Science and nature

Most of my science and nature stories were originally published on the website Science Network WA which you can view if you click here.

Science Network has an agreement with Seven West Media to republish some of its stories in The West Australian, The Broome Advertiser and other regionals.


In 2013 I wrote three of the publication’s 10 most read articles.

Survey reveals rich mineral fault lines

THE Geological Survey of Western Australia has confirmed that the remains of a small continent, about the size of Japan, is embedded in central Western Australia.

Geologist Simon Johnson says the Glenburgh Terrane, which includes Glenburgh Station near Gascoyne Junction, was trapped between tectonic plates two billion years ago.

He says the Pilbara and Yilgarn Cratons are the remains of tectonic plates that collided, forcing each others’ edges up to form mighty mountain ranges.

These have slowly eroded down to become the Capricorn Orogen.

This was The Science Network’s second-most read story for 2013  [read this story]

Research debunks Great White lineage

Two million years ago, the Metatooth shark dominated the oceans.

It measured up to 18 metres from snout to tail.

A THOROUGH re-examination of fossil collections shows the modern Great White shark is not closely related to the extinct “Megatooth” shark as was previously believed.

WA Museum paleontologist Dr Mikael Siversson says both sharks were thought to have evolved from a Cretaceous species Cretalamna appendiculata, but reclassification has overturned this assumption.

“There is little to suggest that Cretalamna had anything to do with the origin of the White Shark,” Dr Siversson says.

“But there seems to be a clear link between Cretalamna and the lineage that eventually produced the giant megladon shark.”

He says Cretalamna and the Great White have a common ancestor that lived 110–120 million years ago.

This was The Science Network’s third-most read story for 2013. Science Network [read this story]

Geological exploration reveals Australian super volcano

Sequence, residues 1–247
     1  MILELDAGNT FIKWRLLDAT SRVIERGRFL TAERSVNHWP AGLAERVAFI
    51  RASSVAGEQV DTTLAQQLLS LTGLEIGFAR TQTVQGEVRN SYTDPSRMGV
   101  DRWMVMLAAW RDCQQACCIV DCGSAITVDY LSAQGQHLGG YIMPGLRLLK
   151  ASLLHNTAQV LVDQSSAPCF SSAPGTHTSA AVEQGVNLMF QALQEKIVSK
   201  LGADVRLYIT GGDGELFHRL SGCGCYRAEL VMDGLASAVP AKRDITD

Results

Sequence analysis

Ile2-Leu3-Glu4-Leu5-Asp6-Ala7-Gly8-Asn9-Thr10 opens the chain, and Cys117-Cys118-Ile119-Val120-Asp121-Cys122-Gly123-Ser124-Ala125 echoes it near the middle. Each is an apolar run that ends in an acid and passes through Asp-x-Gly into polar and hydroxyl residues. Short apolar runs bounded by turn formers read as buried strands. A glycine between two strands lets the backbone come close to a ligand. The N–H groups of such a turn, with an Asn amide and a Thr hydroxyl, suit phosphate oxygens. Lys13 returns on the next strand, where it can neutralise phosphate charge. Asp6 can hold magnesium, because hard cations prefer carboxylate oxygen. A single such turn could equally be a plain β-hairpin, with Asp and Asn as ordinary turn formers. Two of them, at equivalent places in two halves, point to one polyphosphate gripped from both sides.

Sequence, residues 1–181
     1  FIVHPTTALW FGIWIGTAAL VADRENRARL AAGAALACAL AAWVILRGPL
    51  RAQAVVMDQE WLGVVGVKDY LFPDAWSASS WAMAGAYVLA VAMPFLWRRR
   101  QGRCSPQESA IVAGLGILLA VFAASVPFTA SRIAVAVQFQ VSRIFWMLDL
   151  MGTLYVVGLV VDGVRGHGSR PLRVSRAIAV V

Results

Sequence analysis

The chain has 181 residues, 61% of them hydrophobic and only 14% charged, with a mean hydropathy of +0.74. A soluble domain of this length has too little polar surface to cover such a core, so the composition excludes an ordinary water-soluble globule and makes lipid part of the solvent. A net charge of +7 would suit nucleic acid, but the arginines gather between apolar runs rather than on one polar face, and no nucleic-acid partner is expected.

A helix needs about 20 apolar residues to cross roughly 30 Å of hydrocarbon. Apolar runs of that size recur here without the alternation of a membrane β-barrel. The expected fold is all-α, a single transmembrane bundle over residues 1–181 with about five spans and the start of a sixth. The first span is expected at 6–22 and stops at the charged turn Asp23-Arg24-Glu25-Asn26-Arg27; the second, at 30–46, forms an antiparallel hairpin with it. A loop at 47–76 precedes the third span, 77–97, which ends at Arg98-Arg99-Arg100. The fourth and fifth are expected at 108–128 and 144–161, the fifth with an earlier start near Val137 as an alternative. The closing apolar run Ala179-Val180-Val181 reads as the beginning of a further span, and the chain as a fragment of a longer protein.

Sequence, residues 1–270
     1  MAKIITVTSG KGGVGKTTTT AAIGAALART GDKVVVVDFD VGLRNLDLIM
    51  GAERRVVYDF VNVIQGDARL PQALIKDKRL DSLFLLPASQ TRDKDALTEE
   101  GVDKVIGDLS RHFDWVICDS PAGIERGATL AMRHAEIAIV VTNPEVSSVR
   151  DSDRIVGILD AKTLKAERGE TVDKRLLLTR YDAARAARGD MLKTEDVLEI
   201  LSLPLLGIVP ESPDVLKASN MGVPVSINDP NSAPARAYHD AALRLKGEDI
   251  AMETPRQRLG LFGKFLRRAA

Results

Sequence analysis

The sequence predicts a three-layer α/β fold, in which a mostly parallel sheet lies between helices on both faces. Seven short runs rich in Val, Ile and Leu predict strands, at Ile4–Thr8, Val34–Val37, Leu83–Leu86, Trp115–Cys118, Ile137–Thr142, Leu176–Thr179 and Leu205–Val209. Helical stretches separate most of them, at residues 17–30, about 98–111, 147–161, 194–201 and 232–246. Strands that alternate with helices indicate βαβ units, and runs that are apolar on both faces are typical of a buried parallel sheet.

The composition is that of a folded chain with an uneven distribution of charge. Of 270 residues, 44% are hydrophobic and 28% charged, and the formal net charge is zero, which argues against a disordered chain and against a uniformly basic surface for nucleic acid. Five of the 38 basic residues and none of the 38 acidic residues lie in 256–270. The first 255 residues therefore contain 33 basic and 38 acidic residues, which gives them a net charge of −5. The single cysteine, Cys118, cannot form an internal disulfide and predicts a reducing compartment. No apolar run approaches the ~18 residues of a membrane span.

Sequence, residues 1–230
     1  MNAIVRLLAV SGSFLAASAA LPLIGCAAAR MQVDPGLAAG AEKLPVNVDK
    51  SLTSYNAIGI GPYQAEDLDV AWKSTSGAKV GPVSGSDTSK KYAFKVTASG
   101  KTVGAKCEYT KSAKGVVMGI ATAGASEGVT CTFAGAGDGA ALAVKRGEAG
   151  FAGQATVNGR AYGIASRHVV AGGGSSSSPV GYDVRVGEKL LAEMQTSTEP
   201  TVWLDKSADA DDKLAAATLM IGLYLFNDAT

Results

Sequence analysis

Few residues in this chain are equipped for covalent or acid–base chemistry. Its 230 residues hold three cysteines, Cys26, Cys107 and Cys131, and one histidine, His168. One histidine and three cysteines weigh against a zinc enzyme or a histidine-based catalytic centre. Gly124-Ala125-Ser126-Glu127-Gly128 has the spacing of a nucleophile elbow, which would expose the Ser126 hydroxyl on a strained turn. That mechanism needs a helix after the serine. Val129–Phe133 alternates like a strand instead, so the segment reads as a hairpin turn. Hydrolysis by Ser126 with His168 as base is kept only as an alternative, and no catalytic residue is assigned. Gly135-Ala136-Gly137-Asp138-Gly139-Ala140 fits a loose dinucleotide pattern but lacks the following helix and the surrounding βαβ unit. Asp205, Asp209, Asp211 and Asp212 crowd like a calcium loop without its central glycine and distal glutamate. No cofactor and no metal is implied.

A geological survey team says an ancient super volcano exuded more than 450 cubic kilometres of molten magma in a single eruption, over what are now Ngaanyatjarra tribal lands.

Geochemist Dr Hugh Smithies says it is the largest super volcano he is aware of on the planet.

He says the eruption occurred at the point where three tectonic plates converged.

This was The Science Network’s seventh-most read story for 2013 – also republished in The West Australian 2/10/2013 [read this story]

Archaeology at Barrow Island

Barrow Island, off the WA coast, was once part of the mainland. As sea levels rose, the Aboriginal inhabitants would have visited less and less often. It is likely that they didn’t go there at all for some 7,000 years, until the pearling industry brought a few people back to the island in the 19th Century.

Archaeologists are about to start excavating several ancient habitation sites. This should give us a rare glimpse of what life was like in the ice age.

Science Network [read this story]


Burning the bush helps conserve animals and plants

STANFORD University researchers have produced hard data to show desert Aboriginal bush-burning practices result in smaller, cooler fires and help conserve reptiles and small mammals while promoting plant diversity. Science Network WA [read this story]

Tasmanian Devils on the mainland

Tasmanian devils at Peel Zoo

In a couple of articles I have explored the possibility of Tasmanian Devils being introduced back into the wild – in mainland Australia. Click here to read more.


Groundwater management for the Ord

The government has insisted on stringent environmental management plans prior to the expansion of the Ord River Irrigation scheme.

Science Network WA [click here] to read more.